“Because I already have a day-job producing talking books for the RNIB plus a lot of freelance audio and writing commitments – to Big Finish, AudioGO and DWM among many others – What Noise was, for the first couple of years, basically a hobby commitment. It's only in the last year or so that the company has stepped up output and branched out into new arenas. The most high-profile venture – slightly out of Starburst's remit, I suspect – has been the audiobook adaptation of Scottish crime novelist Chris Brookmyre's collected short stories, Jaggy Splinters. I've adored Brookmyre's work since his very first novel Quite Ugly One Morning – I'd hugely recommend his current Jasmine Sharp series, plus his 2006 novel A Tale Etched In Blood And Hard Black Pencil, which I've read five or six times – and I'm delighted with the result, not least because Chris himself contributed to the finished product as a narrator. Matthew Waterhouse and I discussed options open to him once his original print publisher went under; we both wanted to keep his various books, his Doctor Who memoirs most obviously, in print. I'd also been in conversation with Doctor Who scriptwriter Chris Boucher about possibly producing an audiobook version of his fan-published novelisation of his troubled but brilliant 1987 TV series Star Cops; that was put on the back-burner during a period of enforced inactivity for me, and eventually I decided to put out the print edition in the first instance; thus the 'Head Music' imprint came into being.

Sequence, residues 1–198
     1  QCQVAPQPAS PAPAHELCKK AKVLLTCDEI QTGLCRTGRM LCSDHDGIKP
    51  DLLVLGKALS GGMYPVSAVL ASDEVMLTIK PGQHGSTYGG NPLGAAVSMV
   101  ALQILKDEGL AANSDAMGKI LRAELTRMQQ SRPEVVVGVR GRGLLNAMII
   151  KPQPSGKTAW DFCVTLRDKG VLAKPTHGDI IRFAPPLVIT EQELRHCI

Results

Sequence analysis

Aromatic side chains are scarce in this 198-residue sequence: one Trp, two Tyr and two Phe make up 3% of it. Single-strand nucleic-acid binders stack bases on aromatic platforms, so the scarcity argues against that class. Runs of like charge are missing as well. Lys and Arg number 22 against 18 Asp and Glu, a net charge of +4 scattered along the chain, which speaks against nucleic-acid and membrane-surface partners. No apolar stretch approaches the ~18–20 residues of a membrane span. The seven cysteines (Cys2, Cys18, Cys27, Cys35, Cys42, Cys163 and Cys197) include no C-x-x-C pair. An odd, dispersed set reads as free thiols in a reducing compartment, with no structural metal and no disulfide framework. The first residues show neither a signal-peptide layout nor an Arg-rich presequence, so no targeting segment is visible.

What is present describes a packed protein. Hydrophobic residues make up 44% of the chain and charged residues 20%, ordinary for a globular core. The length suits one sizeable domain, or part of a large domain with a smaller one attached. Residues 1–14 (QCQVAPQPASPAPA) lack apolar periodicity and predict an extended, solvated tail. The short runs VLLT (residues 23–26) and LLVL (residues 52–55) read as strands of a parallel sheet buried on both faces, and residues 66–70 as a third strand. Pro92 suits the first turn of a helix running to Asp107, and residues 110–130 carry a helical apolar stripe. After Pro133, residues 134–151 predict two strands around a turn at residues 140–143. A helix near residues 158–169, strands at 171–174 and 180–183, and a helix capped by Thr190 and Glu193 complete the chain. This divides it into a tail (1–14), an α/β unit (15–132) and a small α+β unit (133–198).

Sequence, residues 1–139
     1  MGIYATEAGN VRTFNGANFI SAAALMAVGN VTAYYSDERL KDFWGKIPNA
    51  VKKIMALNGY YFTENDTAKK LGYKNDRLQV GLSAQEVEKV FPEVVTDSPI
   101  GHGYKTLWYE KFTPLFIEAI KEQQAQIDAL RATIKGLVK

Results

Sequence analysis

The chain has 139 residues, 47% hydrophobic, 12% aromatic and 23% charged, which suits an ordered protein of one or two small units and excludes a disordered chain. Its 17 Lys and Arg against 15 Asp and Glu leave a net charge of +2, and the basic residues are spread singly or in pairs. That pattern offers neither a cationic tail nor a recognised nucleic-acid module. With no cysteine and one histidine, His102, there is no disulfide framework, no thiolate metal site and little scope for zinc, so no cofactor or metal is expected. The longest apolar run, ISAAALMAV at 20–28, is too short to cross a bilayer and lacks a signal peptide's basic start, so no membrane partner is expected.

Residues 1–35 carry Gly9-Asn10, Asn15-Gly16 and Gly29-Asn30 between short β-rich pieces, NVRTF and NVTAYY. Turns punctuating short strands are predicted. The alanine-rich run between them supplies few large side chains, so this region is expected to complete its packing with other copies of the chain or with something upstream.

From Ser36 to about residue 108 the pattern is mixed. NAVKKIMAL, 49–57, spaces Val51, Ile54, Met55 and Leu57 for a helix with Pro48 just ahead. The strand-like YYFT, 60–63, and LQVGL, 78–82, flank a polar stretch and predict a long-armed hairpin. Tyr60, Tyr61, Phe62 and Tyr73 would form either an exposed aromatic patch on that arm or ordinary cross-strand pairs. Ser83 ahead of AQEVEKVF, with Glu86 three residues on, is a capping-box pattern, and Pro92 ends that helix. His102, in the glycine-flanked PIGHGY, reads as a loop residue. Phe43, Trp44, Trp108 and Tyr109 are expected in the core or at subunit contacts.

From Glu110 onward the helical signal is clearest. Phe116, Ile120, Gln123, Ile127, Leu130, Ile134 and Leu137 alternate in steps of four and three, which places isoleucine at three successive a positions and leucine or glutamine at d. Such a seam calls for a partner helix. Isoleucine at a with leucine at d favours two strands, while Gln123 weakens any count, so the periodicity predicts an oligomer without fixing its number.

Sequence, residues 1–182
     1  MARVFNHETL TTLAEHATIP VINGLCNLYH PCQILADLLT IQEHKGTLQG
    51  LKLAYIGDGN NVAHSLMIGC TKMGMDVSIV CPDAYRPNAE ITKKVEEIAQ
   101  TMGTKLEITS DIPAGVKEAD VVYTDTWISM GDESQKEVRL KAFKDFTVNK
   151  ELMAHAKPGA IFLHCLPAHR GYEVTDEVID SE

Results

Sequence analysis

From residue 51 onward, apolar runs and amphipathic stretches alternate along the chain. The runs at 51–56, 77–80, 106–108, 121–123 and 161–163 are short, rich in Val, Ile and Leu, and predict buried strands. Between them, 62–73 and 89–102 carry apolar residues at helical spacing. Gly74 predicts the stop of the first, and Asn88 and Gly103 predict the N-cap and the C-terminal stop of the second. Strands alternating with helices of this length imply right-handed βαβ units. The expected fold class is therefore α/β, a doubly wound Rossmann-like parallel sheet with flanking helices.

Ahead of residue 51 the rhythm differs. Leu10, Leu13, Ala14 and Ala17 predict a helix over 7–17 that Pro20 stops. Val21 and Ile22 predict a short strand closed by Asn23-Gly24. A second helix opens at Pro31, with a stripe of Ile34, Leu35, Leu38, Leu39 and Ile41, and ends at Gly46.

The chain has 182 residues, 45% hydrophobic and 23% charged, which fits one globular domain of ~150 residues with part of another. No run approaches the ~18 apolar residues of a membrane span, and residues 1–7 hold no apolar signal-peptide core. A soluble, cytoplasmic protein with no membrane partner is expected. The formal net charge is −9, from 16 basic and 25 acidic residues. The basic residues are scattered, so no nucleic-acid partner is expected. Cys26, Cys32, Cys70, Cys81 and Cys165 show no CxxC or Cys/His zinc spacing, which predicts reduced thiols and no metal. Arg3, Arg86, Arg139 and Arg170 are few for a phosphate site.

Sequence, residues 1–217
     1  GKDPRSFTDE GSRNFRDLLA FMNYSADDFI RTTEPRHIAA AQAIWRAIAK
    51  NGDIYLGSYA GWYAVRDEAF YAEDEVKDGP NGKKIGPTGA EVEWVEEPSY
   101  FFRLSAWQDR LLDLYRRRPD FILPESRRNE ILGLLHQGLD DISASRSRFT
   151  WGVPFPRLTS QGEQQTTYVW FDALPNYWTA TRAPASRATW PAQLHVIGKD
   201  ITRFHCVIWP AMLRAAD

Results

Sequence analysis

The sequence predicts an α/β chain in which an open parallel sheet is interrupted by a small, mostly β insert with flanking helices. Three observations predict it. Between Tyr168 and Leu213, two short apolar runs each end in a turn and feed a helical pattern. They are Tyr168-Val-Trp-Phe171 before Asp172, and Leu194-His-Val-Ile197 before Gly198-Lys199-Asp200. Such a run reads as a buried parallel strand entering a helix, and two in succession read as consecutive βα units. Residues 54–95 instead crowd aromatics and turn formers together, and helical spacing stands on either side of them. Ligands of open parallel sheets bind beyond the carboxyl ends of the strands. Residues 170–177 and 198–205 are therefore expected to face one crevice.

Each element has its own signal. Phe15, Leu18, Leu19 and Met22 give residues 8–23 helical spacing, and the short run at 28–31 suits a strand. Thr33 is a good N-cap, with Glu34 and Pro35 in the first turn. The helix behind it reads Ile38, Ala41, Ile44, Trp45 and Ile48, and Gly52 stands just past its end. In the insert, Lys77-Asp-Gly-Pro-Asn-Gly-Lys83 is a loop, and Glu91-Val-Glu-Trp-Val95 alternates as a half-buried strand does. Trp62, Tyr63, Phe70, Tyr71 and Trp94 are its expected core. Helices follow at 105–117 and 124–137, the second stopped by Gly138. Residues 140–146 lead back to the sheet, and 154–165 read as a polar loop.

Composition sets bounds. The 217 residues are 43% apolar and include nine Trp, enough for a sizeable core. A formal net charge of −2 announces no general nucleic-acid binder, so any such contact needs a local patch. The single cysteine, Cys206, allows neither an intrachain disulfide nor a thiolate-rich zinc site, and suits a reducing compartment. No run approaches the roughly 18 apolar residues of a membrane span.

“(For those interested, the two names are inspired by the names of favourite albums by Kissing The Pink and Suede respectively. When I set up the company, it was a toss-up between 'What Noise' and 'Head Music'; the former won out as the latter sounded too much like a music record label rather than an audiobook/drama publisher – however, it was later to present itself as a great name for a print publishing imprint.)
“In terms of print titles, we have all Matthew Waterhouse's books and the remarkable Star Cops novel plus e-books of Wishhobbler and Tony Keetch's brilliant Desmond Stirling memoir The Devil Talks The Hindmost available at the moment – all of which I'm very pleased with – plus a few plans simmering away...